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Cross Examination in International Arbitration

ISBN13: 9780199681235
Published: December 2014
Publisher: Oxford University Press
Country of Publication: UK
Format: Paperback
Price: £54.00

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Opportunities to see expert cross-examinations are often infrequent in international arbitration and the occasions to sharpen these skills for many are rare. This book is both an invaluable teaching tool as well as a general guide to effective cross-examination in international arbitration. Based on extensive experience and insight from the authors and aided by practical examples, it provides a thoroughly illustrated analysis of how essential cross-examination techniques can best be adapted to the arbitral format.

Concise and well organised, it leads the reader through the different cross-examination techniques in an accessible 'do's and don'ts' structure, presenting readers with a clear and authoritative introduction to the 'art' of cross-examination or a quick-reference for more experienced practitioners. An international arbitration hearing is very different from a trial in a court and any practitioner appearing as counsel, whether common or civil law lawyers, need to know what will happen and how it will differ in order to adapt their conduct. Hober and Sussman explore the challenges practitioners face when conducting a cross-examination in such an environment and provide practical learning aids to help overcome them.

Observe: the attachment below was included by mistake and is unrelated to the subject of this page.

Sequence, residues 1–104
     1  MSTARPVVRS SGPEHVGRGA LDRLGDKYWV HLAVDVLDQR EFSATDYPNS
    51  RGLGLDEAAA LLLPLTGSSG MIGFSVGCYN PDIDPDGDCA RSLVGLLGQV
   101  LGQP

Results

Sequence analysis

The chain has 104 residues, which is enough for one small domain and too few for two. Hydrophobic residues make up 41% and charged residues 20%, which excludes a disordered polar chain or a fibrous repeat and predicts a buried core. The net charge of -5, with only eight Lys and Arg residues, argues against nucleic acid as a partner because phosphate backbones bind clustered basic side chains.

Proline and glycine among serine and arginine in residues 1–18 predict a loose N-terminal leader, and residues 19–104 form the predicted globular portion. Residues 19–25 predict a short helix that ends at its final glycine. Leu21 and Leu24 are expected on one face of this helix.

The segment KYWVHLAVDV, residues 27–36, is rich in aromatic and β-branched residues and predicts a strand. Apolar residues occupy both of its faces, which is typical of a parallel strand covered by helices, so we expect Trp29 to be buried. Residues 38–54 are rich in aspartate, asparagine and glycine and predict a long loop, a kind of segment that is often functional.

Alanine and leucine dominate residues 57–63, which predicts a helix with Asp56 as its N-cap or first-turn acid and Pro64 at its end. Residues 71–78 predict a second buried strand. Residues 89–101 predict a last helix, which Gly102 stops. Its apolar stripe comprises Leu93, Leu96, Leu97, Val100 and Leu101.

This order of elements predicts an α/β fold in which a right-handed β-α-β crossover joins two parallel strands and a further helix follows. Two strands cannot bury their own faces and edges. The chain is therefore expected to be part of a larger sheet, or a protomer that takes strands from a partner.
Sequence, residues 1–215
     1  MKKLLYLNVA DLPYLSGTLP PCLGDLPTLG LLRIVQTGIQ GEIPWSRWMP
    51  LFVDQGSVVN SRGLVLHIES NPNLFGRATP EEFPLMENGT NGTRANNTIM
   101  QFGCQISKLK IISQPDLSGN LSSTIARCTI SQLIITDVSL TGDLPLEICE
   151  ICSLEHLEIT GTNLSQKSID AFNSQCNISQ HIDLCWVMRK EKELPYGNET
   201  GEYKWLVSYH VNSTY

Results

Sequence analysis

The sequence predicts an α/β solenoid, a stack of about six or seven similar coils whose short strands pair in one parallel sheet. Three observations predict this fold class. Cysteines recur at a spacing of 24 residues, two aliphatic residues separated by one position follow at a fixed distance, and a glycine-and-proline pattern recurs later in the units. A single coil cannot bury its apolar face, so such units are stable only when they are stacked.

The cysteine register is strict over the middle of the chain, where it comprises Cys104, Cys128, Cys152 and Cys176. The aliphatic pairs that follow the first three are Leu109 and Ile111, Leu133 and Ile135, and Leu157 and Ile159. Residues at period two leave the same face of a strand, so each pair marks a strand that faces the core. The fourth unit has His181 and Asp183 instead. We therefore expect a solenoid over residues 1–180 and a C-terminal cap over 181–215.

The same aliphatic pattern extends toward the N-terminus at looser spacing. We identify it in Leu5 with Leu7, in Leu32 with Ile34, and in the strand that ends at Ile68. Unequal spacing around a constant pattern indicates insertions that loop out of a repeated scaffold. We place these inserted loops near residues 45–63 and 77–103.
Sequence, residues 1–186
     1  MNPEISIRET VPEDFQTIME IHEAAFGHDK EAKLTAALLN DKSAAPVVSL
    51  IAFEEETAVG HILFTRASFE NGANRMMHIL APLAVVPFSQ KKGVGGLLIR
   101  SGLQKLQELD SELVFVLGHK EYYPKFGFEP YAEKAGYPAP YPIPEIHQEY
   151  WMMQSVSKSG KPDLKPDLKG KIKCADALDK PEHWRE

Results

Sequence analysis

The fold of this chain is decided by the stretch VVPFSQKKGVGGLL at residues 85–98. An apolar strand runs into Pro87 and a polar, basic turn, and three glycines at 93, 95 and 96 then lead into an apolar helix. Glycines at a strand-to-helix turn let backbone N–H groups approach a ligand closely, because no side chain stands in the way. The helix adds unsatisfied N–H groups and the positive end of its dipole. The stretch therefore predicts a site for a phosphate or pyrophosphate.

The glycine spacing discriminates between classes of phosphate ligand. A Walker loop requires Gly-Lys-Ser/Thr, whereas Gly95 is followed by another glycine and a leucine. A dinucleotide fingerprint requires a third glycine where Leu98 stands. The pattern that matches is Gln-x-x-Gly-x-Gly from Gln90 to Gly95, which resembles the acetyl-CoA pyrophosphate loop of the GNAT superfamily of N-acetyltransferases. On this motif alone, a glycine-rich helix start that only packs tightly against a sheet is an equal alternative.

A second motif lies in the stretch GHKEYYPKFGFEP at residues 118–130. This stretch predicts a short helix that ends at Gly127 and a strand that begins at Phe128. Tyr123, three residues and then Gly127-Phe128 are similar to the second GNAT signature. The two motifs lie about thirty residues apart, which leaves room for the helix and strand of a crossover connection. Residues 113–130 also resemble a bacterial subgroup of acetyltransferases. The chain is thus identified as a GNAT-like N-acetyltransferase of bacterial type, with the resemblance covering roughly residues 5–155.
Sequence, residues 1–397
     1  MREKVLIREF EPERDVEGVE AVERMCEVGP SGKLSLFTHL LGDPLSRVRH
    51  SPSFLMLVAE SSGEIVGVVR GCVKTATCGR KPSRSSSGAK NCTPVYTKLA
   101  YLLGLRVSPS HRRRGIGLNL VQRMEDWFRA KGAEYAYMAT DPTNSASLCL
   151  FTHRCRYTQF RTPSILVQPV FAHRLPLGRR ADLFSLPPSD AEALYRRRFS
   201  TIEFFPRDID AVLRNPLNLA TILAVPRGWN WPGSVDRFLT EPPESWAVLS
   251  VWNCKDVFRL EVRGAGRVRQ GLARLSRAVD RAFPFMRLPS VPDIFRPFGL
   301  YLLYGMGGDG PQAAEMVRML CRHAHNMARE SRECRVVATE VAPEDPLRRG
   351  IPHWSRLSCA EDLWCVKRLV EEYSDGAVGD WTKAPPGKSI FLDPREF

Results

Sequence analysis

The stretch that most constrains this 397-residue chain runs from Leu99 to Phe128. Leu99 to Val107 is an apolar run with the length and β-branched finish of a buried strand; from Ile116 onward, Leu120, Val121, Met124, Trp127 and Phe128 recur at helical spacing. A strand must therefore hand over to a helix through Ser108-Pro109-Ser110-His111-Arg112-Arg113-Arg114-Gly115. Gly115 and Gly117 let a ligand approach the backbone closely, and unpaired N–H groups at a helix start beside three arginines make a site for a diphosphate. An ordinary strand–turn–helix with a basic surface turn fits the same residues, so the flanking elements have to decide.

Cross Examination In International Arbitration addresses the common issues that can occur in cross-examination in arbitrations such as adjusting the level of English to consider the competency of the panel's least competent member or how to cross-examine a witness with only the use of a written statement rather than by means of oral direct testimony. By highlighting the common challenges which might arise, the authors present a guide which will benefit those practicing or looking to practice in this field.

Arbitration and Alternative Dispute Resolution
1. The fundamentals of cross examination
2. Why cross-examination in international arbitration is Different

1. Be fully prepared
2. Be brief
3. Use only 'leading questions'
4. Use only short, simple, unambiguous questions
5. Proceed by small factual steps
6. Listen to the answer
7. Do not ask for conclusions - save for closing argument
8. Do not let the witness repeat the direct testimony
9. Do not let the witness explain
10. Do not argue or get angry